Psychoanalysts relate déjà vu to wish fulfilment or fantasy, whereas, psychiatrists claim déjà vu to a mismatching of the brain cells that causes to the brain to mistake present as past. Scientific American exclaimed that brain suffers small seizures that are responsible for memory formation which could be the reason for some things to suddenly feel familiar. Déjà vu cases are mostly said to be suffered by epilepsy patients where electrical stimulations and dysfunctional electrical discharge takes place in the brain, but these discharges can occur in non-pathological manner too in people without epilepsy.Researchers are once in a while ready to record straightforwardly from the brains of individuals with epilepsy—they have more motivations to experience neurosurgery, all things considered—we’ve possessed the capacity to figure out which parts of the cerebrum are related with this feels familiar. In the late 1950s, scientists found through electrical incitement and recording of seizures that the fleeting neocortex was essentially included. In the late 1970s, it was demonstrated that you could incite a sensation that this has happened before through cathodes in the average fleeting flap, and later work has found with much greater specificity which parts of the average transient projection are related with this feels familiar.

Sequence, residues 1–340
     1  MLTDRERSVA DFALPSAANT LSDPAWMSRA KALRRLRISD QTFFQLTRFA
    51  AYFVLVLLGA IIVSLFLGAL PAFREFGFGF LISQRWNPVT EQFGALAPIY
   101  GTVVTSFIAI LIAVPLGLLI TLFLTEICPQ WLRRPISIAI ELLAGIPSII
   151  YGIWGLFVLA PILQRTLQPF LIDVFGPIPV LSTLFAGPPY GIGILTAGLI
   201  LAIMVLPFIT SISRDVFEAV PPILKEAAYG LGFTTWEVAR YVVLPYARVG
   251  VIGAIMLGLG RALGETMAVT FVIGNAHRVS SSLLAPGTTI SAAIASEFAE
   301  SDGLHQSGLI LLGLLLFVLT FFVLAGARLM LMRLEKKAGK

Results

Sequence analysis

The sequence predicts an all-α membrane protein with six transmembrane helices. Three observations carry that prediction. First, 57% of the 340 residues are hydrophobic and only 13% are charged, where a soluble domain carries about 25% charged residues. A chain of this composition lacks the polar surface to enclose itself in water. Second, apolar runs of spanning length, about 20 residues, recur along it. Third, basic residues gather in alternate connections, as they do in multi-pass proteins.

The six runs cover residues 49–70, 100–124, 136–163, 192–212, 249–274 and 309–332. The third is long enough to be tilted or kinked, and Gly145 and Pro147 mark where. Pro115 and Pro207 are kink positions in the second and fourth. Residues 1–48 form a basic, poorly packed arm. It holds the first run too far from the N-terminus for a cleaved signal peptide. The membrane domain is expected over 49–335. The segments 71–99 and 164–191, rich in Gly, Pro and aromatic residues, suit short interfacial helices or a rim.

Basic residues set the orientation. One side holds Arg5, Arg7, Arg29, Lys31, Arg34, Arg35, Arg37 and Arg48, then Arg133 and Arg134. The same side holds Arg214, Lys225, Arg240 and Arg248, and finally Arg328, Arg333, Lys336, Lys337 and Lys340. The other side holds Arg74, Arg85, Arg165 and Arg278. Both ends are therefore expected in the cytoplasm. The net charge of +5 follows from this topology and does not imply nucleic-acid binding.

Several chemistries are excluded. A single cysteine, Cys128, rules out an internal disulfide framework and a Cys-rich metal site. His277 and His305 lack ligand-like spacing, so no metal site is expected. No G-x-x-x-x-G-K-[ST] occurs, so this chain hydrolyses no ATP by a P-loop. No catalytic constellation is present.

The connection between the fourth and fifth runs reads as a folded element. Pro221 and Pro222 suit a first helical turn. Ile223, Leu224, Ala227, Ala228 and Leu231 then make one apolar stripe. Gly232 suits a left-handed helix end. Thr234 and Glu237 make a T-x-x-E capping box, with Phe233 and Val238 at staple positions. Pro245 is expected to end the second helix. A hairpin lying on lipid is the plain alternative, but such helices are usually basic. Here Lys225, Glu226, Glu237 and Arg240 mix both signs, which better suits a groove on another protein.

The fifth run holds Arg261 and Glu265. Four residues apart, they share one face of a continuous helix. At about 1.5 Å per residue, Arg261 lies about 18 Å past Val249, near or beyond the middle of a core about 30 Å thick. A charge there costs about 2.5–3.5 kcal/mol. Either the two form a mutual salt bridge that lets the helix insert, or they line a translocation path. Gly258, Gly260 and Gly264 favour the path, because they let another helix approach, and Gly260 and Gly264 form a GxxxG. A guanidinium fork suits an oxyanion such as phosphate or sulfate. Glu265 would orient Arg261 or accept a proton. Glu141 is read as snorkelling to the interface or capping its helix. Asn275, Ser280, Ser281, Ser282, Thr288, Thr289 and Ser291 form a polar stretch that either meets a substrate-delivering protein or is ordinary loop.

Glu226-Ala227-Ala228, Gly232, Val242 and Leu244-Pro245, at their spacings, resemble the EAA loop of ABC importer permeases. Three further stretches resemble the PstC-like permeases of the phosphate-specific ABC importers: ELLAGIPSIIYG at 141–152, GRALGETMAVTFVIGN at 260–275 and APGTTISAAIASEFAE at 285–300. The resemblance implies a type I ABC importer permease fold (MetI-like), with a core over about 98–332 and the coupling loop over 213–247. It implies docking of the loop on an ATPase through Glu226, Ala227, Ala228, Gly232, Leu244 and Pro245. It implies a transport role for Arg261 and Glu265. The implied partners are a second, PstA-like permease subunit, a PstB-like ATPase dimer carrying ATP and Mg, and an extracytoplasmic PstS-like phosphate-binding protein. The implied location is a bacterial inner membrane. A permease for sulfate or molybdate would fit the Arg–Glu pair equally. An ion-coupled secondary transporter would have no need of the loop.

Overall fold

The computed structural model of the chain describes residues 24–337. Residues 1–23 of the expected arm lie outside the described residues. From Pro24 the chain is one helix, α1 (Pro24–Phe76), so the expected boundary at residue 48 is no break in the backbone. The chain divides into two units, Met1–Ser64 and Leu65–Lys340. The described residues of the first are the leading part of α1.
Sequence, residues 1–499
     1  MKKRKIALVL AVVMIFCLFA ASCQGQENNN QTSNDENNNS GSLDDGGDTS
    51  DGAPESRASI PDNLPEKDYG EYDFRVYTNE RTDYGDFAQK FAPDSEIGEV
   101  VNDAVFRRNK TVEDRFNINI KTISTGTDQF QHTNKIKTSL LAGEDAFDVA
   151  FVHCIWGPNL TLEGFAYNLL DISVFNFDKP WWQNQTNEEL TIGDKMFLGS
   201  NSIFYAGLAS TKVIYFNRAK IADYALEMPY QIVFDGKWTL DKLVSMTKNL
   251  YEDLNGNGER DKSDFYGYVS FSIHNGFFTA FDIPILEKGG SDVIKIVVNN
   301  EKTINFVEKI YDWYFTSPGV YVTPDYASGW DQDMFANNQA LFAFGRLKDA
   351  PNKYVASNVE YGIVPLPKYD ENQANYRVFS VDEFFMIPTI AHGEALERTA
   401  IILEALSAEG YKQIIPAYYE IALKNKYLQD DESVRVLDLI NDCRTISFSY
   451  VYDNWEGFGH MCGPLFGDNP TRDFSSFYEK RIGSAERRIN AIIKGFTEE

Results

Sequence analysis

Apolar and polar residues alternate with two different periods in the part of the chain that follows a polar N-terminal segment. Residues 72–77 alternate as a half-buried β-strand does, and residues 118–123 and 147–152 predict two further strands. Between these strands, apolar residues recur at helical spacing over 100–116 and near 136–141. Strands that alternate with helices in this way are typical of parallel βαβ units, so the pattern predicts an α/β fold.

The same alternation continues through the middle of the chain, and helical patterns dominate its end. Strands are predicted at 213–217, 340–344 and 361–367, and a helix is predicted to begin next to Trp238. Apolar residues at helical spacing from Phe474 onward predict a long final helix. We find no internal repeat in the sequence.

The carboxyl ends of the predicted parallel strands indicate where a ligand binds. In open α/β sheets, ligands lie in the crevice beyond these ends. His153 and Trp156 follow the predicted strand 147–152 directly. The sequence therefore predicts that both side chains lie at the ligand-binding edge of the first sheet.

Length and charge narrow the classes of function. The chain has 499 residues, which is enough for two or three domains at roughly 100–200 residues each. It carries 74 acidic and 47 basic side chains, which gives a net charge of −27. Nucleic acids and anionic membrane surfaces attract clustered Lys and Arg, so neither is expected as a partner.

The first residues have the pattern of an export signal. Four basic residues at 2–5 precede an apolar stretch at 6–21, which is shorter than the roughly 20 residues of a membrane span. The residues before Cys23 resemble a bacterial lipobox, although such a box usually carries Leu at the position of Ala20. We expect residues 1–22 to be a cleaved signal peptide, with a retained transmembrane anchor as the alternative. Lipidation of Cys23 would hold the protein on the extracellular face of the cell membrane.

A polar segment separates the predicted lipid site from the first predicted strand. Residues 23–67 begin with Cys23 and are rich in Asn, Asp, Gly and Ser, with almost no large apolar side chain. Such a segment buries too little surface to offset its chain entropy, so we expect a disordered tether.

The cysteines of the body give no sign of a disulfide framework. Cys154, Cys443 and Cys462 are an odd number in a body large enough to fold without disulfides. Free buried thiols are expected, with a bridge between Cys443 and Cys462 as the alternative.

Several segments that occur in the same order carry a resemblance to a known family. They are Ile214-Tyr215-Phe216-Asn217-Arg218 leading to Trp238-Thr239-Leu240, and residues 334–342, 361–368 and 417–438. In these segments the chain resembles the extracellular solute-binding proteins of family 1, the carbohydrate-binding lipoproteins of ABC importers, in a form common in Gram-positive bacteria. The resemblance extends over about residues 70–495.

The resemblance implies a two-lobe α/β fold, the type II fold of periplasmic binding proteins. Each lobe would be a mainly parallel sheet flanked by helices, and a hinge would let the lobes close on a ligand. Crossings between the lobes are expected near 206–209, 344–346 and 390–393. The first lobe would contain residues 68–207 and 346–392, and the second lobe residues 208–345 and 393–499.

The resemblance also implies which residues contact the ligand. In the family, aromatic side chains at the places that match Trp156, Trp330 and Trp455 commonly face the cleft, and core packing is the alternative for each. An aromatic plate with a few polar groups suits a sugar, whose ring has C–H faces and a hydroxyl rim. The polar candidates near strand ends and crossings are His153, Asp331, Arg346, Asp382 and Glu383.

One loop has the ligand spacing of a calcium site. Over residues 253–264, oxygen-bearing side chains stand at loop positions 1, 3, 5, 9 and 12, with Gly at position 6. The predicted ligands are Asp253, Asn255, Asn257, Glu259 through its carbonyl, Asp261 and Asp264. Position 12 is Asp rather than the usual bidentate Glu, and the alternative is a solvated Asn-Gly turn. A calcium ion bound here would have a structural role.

Déjà vu when in healthy patients is reported as memory error where it occurs due to discrepancy in memory system which means that information that is supposed to be a part of short-term memory instead reaches long-term memory. It is caused by mismatch between sensory input and the memory recalling output which explains why people feel familiar to a new experience, but not as familiar as a fully recalled memory. Even though the coverage in popular culture is very vast, experiences or familiarity of déjà vu is very poorly understood in scientific terms. There are more theories that exist regarding déjà vu such as paranormal past lives, alien abduction and precognition dreams.